Sunday, November 11, 2007

Sprouting Salvation

"And G!d shall give you from the dew of the heavens and from the fatness of the earth and much grain and grapes." (Genesis 27:28)

Isaac began blessing his son - Jacob, who is disguised as Esau - with precipitation and agricultural plenty. Isaac had lived through famine and had re-dug wells in the face of opposition. Before those episodes, he had another encounter with life-giving water...

After the Akeidah-Binding, Isaac needed to spend some time away from his father. He carried a walking-stick with him, which he had taken from the top of the mountain, from the thicket where the ram had been caught by its horns. It felt comfortable in his hand, supporting him as he journeyed into his unknown future.

Walking through the desert, he came across a well. As he approached, someone grabbed his legs from behind. Isaac toppled forward, snapping the walking-stick. His heart was pounding, but his fear faded when he heard a child's laughter.

"Daddy, you're home!" said a little boy. Isaac turned to look at him. "Oh, You're not my daddy. But your clothes look like his, no one else wears that kind of scarf around here."
"What's your name?"
"I'm Keydar son of Ishmael. This is our well, we call it B'er L'Chai Ro'i. Come and eat with us."
Ishmael greeted Isaac as a brother, and he stayed with Ishmael's family for many days.

Keydar was the center of attention, full of energy, running around and, most surprising to Isaac, rough-housing with his father. However, Ishmael's oldest son, Nevayot was sick. It was a mysterious illness and no one knew what was wrong. Isaac saw how concerned Ishmael was. He watched as Ishmael brought food to his son's bed, staying to talk quietly with him. Isaac wanted to help too, and to feel that closeness, but what could he bring?

Though he was very weak, Nevayot smiled at Isaac as he entered with two cups of tea. He sat down beside the bed.
"I hate being sick," said Nevayot, "Why did G!d do this to me? I don't like being in bed all the time, and I'm lonely. I'm afraid I'm going to die."
"I have a story to tell you," said Isaac, and he told him about the Akeidah. "As I was lying there, all tied up, I thought that I was dead. But G!d gave me life again. My father lifted up his eyes and saw a ram caught by its horns in the thicket, and we sacrificed the ram instead of me. The branches were put there by G!d to save my life."

Nevayot perked up. "That sounds a lot like one of my father's stories. When he had to leave his home, he almost died of thirst, but then his mother lifted up her eyes and saw a well. They were able to drink the water and live. Grandmother remembered another well that she had called B'er L'chai Ro'i, the well of the Life that watches me, so she called this one that too. And that's were we live now."

"When I first came here, your brother tackled me, and the branch I was carrying with me, the one that caught the ram, was broken. I left it there in the dust because I couldn't use it anymore. I went back there today, and through the rain and the dew, G!d made the seeds live again as a new plant. I made you tea from leaves of that plant and water from B'er L'chai Roi. Sometimes G!d makes things die, but G!d also makes us live."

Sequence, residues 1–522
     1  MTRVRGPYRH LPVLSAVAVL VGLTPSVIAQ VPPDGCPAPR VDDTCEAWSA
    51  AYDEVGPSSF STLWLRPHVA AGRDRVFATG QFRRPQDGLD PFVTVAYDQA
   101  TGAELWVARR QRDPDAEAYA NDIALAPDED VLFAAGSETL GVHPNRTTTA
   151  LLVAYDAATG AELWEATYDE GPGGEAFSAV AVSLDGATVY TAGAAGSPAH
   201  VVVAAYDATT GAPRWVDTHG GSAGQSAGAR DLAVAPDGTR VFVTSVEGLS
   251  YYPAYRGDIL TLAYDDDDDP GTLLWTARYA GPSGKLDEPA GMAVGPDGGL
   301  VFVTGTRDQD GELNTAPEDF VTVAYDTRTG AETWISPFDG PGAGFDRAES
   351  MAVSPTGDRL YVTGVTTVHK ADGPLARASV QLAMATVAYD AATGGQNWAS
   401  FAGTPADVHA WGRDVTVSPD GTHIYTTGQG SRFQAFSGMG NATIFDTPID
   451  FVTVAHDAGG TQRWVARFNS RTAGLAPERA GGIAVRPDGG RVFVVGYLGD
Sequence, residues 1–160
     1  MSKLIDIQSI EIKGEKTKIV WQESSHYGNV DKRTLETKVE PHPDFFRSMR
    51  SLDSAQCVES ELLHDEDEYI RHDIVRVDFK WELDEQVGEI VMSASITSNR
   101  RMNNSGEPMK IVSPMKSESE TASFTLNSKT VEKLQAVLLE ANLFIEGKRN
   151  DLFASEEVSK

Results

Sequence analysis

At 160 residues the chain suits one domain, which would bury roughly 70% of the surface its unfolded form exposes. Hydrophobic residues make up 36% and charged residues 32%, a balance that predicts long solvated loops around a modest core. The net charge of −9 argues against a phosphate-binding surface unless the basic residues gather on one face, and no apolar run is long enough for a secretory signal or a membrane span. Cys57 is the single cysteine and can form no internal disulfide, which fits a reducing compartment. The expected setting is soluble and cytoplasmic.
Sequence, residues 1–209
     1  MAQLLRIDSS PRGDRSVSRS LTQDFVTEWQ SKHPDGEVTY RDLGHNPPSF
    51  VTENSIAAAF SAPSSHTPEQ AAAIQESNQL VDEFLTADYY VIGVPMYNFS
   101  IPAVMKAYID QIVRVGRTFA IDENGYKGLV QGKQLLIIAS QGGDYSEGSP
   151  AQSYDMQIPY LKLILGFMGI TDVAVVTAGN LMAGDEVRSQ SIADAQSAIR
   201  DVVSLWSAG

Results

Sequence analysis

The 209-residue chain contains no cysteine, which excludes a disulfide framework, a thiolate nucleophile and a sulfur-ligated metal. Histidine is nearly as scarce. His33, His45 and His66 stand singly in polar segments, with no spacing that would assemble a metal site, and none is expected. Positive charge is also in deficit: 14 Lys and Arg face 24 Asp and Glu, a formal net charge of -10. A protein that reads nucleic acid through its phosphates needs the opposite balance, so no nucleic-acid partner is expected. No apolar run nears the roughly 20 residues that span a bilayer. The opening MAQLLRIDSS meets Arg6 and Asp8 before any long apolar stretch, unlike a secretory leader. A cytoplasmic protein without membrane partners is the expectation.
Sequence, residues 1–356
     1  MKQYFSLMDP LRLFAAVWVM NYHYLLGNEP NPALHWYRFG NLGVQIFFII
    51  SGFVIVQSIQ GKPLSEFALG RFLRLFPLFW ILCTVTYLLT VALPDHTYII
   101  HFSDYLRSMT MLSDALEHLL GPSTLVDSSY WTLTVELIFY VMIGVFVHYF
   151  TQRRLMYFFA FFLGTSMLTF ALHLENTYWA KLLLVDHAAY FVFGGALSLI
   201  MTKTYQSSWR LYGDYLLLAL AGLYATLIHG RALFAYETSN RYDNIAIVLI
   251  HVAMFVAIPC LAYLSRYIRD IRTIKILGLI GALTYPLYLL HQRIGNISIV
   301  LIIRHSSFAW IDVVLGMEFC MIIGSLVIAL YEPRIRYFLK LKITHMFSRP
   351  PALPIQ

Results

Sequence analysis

Nevayot did recover, and the whole family celebrated together. Of Ishmael's many children, they each had different personalities and strengths, and Ishmael loved them all.

Isaac went from B'er L'chai Ro'i to pray in the field. It was his favorite time of day, when the sun was on it's way down, before sunset. He composed a blessing:

You are eternally mighty, my L!rd, the Resuscitator of the dead are You; abundantly able to save. He makes the wind blow and He makes the rain descend. He sustains the living with kindness, resuscitates the dead with abundant mercy, supports the fallen, heals the sick, releases the confined, and maintains His faith to those asleep in the dust. Who is like You, O Master of mighty deeds, and who is comparable to You, O King who causes death and life and makes salvation sprout. And You are reliable to resuscitate the dead. Blessed are you G!d, who gives life to the dead. (Second blessing of the Amidah)

Isaac lifted up his eyes and saw his future wife and his new life ahead of him.

And Isaac came from the way of B'er L'chai Ro'i; for he dwelt in the land of the South. And Isaac went out to meditate in the field at the eventide; and he lifted up his eyes, and saw, and, behold, there were camels coming. (Genesis 24: 62, 63)


Steg (dos iz nit der šteg) said...

cool, great connection of different elements... and i have a soft spot for positive portrayals of Uncle Yishma‘el ;-)

Warren Burstein said...

Can I contribute a midrash fragment?

After Rachel told her sister Leah the signs by which she might impersonate her on Leah and Jacob's wedding night, Leah said, "but a yeshiva student like Jacob will know the Gemara in Bava Batra 123a that says that my eyelashes fell out from weeping when I thought I would have to marry Esau, what will I do if he caresses my face in the dark and discovers I am not you?"

Rachel replied, "Here, I bought you a set of false eyelashes. They're the latest fashion. They're made out of goat hairs."